After a great deal of work by many mental health stakeholders in Delaware, House Bill 311 was signed into law by Governor Markell on July 24, 2012. This bill makes updates to the language of the Delaware Code regarding 24-hour holds on people presumed to be in psychiatric crisis. It also adds a credentialed mental health screener to the list of people who can respond to a person in crisis, hopefully directing that person to appropriate services instead of the emergency room and/or psychiatric institutions.
WILMINGTON — Bill Mason figured the two people in handcuffs, flanked by police, had tried to steal something from the hospital gift shop or been involved in some incident on the grounds.
But MeadowWood Hospital has no gift shop. There had been no incident. The people were simply arriving – in typical Delaware fashion – for an emergency mental health evaluation.
Such a sight was rare in Pennsylvania, where Mason was working at another facility at the time of his first visit to MeadowWood about four years ago. Now chief executive officer at MeadowWood, Mason said he was glad to be present Tuesday morning when Gov. Jack Markell signed H.B. 311 into law, changing the way Delaware will handle such emergency evaluations.
The goal is to allow credentialed screeners to evaluate the needs of a person in a mental health crisis in the community, and steer him or her to the most appropriate service.
That should mean less police involvement, fewer visits to emergency rooms and more efficient, better-targeted care.
“It’s a great day for Delaware,” said Jamie Prince of Newark, who has taken such a handcuffed ride himself.
The police car isn’t a big deal, he said. It’s a temporary thing, meant to protect the person and the police officer. “But this is a great step in the right direction.”
The change in the screening law was one of the first recommendations made by Robert Bernstein, the court-appointed monitor of state reforms at the Delaware Psychiatric Center.
The law will be phased in – starting in January – as training and other regulations are developed.
“The devil will be in the details, but this is the beginning of the process,” said Dr. Karen Kovacic, a psychiatrist with Horizon House. “How it moves forward will be incredibly important.”
While the General Assembly was debating last month whether to change the law, William Jenkins, 68, of near Clayton, was in a room at MeadowWood, south of New Castle. He wound up there on May 31 in a strange twist of circumstances that started with a call to a medical supply firm in Virginia where he gets supplies to manage his diabetes.
Something he said to the operator alarmed her enough to call emergency officials in Delaware. Soon a police officer was at Jenkins’ door.
Jenkins, who is being treated for depression and anxiety, was handcuffed, placed in the back of the squad car and taken to a nearby hospital where, after about 24 hours, a social worker told him she would “err on the side of caution” and had him transported to MeadowWood. He was detained there for 15 days.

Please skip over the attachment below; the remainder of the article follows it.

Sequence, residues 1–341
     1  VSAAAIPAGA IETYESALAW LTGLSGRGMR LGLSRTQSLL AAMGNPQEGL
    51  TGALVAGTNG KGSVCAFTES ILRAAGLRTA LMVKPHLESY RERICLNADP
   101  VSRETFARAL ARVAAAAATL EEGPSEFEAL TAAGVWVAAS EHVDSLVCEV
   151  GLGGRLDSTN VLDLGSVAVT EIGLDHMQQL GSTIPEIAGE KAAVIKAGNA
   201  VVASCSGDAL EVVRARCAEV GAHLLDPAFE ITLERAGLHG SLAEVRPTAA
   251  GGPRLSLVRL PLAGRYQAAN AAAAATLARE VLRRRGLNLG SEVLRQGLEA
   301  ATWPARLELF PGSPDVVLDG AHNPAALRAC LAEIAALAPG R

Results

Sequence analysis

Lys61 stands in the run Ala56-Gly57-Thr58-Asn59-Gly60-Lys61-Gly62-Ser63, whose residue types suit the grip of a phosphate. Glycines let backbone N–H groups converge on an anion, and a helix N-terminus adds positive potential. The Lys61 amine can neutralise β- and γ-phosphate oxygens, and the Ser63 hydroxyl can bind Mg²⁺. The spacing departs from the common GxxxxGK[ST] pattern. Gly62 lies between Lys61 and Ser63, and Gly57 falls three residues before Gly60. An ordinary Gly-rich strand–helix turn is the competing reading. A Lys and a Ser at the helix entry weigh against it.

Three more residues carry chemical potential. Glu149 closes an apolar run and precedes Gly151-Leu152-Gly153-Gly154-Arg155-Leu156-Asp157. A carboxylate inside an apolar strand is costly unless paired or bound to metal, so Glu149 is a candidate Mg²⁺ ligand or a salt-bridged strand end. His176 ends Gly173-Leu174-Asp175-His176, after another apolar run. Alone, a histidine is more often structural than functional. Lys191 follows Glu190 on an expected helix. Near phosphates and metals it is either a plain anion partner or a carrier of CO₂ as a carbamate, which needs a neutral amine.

Jenkins said doctors and counselors urged him to “consider this a learning experience and get on with your life.”
“But no,” he said. “I’m sick of being beat down by a system that’s faulty and runs over top of you.”
Upset by his experience, Jenkins called Bryce Hewlett, executive director of the Delaware Consumers in Recovery Coalition, an advocacy group for those in recovery from mental illness. Hewlett said Jenkins’ experience might have been better under the new law.
“There were several times along the way that he could have had a decision made and been released,” Hewlett said. “Instead, the days accumulated into 15. … I hope that with the screeners, people are diverted to care that will help them more ably.”
Markell signed the bill at the Rick VanStory Resource Center, a drop-in center for those with psychiatric disorders, at Eighth and West streets in Wilmington.
“We have become advocates and champions for the people that have no voice,” said Allen Conover, executive director of the center, who has spent time as a patient in just about every Delaware psychiatric facility. “We all know the old saying that the squeaky wheel gets the grease – well, there are so many wheels that need dire help but don’t squeak. There are people who don’t have an advocate and people who don’t have a family.”
Conover applauded lawmakers – including bill sponsor Rep. Mike Barbieri, D-Newark – who worked to change the law.
“Legislative Hall is hearing our squeak and they’re changing stuff,” Conover said. “We were 15 years behind, now maybe we’re 10. I’m proud of this state. Look at what they’re doing.”
Contact Beth Miller at 324-2784 email@example.com.